Riding along on your pushbike

Most people think they know what cycling safely is all about. After all, the majority of us learnt to cycle from a young age. We’ve done it for years. We know what we are doing.

Cycling is enjoyable, it has massive health benefits, and of course, is a cheap and effective mode of transport. And with the advent of initiatives such as the Big Pedal and cycle to work schemes, more and more of us are cycling.

We are all for it. But just a few sensible tips could help avert any unnecessary accidents. Let’s explore how to stay safe.

Cycle Safely

Cycle Safely

Quick tips for cycling safely

Tip 1: Be cautious, not competitive if your cycle to commute

According to a 2017 Department of Transport report, 37% of people who cycle, do so to commute. It’s a great way to get the blood pumping before you arrive at work. But your commute should not be treated like a competitive sport.

Undertaking cars, jumping red lights and taking unnecessary risks are a recipe for disaster. Think safety first, and save competitive cycling for a safer environment.

Tip 2: Make sure you can be seen

It stands to reason that you should wear bright clothing and reflective strips to be clearly visible. If you need lights on the bike, make sure they are good quality and kept clean.

But being seen also involves smart road sense. Just because you have seen a vehicle, it doesn’t mean they have seen you. Try and make eye contact with other motorists. That will give you more of a sense of certainty that they have seen you. This applies especially at road junctions, which are notorious accident hotspots.

Tip 3: Don’t be a martyr

It has been a mild winter, and it is starting to feel Spring-like. But we are still at a time of year where the weather can be incredibly changeable.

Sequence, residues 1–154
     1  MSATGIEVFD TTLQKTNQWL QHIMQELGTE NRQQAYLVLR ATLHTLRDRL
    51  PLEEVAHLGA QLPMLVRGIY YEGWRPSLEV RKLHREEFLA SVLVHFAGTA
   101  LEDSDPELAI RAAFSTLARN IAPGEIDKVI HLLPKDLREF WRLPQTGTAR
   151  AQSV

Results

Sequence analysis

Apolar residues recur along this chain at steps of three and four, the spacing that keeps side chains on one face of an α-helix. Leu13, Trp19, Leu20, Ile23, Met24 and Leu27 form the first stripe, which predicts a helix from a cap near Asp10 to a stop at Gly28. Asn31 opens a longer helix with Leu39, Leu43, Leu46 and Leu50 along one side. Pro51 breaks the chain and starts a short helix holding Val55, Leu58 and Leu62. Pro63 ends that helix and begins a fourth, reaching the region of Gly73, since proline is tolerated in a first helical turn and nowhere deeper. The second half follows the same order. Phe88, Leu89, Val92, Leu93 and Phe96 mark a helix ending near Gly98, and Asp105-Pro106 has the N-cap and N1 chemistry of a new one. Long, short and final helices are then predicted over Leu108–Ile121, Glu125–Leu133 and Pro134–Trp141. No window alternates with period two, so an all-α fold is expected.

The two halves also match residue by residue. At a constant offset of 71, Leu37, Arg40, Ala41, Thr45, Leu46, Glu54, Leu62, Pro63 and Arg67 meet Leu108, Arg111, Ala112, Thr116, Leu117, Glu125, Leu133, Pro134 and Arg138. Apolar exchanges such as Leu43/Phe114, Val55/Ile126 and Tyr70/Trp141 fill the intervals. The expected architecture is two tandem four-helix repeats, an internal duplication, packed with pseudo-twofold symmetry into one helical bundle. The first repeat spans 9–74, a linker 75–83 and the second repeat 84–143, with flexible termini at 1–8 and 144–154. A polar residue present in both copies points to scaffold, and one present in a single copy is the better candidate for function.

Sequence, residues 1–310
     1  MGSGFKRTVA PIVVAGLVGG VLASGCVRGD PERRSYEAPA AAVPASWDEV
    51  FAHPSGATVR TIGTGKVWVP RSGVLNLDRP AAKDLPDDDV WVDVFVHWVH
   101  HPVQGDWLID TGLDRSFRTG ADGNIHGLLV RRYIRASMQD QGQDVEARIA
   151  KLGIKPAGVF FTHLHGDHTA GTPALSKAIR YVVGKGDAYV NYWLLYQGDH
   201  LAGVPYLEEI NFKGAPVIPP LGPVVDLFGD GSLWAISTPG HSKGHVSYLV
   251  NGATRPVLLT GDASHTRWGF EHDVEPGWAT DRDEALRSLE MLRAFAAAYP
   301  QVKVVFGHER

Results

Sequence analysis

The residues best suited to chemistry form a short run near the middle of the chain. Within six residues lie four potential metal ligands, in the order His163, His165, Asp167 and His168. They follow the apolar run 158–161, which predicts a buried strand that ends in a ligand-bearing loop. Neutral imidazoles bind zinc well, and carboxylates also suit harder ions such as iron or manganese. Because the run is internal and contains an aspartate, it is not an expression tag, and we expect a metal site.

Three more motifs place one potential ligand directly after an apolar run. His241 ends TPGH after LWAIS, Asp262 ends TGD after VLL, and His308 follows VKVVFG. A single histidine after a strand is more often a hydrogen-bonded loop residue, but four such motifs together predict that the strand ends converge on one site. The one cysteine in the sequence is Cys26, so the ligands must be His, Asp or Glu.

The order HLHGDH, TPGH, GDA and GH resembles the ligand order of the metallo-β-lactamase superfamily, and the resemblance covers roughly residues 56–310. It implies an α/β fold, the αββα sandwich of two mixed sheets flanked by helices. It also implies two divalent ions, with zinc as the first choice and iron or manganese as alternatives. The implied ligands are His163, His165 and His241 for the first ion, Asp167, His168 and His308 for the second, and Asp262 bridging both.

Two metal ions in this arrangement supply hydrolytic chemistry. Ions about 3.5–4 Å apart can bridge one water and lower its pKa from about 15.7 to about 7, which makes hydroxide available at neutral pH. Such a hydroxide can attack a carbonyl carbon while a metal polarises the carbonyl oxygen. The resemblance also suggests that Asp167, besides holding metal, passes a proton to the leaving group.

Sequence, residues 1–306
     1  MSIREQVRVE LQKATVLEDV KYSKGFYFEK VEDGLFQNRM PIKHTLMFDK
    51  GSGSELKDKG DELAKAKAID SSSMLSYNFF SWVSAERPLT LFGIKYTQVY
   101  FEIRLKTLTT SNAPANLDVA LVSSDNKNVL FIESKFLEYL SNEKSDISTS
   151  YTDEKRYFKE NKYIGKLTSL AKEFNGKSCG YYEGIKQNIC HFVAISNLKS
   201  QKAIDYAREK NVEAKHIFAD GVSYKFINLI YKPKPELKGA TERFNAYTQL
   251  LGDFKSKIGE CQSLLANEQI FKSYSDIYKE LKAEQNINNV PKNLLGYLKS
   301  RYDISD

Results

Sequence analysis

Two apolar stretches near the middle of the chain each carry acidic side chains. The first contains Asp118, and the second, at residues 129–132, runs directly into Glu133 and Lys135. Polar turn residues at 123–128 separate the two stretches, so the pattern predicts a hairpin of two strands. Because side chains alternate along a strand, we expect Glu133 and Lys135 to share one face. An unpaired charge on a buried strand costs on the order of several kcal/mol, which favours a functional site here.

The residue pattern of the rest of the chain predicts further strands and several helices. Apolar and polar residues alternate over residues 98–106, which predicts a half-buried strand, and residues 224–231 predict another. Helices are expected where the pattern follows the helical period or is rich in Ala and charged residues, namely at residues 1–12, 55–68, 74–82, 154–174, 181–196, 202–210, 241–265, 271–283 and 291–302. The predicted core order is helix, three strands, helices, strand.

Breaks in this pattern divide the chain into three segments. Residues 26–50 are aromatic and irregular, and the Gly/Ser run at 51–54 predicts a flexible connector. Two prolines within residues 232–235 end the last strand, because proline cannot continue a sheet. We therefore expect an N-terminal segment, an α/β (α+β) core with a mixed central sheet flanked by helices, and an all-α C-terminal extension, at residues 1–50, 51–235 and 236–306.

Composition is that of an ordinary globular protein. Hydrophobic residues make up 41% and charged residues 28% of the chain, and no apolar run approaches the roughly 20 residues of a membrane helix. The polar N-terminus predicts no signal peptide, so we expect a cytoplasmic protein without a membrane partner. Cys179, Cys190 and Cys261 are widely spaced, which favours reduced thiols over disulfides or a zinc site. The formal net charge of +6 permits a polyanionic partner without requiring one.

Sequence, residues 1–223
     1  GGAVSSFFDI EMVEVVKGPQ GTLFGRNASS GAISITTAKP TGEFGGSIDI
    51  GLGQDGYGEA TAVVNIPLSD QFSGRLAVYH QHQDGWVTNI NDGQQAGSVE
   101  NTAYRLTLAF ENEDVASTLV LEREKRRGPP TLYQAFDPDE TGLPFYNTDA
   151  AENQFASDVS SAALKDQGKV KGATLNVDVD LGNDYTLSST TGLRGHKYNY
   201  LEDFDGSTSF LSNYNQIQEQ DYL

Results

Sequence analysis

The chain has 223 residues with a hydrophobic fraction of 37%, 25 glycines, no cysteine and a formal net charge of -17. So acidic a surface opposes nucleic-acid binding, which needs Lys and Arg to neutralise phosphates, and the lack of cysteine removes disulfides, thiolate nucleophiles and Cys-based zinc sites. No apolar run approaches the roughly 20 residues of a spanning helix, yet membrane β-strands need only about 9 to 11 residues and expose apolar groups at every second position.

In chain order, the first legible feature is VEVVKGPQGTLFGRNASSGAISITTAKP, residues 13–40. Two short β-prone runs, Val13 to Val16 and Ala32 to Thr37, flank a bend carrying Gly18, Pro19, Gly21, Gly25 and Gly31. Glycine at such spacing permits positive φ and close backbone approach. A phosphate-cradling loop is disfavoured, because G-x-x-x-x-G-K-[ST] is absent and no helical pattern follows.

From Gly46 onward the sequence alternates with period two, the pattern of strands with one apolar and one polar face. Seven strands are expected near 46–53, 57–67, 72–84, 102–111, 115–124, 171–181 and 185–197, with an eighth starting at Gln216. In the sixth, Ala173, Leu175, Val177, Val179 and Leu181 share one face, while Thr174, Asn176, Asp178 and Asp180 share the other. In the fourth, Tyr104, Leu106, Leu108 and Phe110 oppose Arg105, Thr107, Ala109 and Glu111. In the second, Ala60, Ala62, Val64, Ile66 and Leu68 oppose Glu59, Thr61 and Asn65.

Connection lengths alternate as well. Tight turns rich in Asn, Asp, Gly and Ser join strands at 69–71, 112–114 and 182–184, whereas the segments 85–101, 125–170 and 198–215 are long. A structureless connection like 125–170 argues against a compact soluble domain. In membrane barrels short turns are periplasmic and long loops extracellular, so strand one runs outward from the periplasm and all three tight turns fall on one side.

Unless you are a very experienced rider, wet weather or strong winds can heighten the risks of accidents whilst cycling. If you want to maintain your fitness, you can mix your outdoor cycling with periodic indoor cycling.

Cycling safely – Avoiding unnecessary injuries

Tip 4: Mix things up

The number one aim is to avoid accidents that can lead to serious injuries. But at the same time, it pays to reduce the risk of other cycling related injuries too.

Many of you will be relatively new to cycling and are looking to improve your times and performance. The temptation is to cycle as much as you can now that you have discovered a new found hobby.

But be aware that if you use cycling exclusively as your mode of exercises it can eventually lead to musculoskeletal imbalances. Incorporating weight training or postural centred practices such as yoga or Pilates can help you maintain all-round fitness, and help you avoid injury.

We hope this information is useful for you. If you have any questions about our treatments, please contact us. You can find us in Mill Hill Broadway and Islington. If you like this blog, please share!

We are always happy to help.











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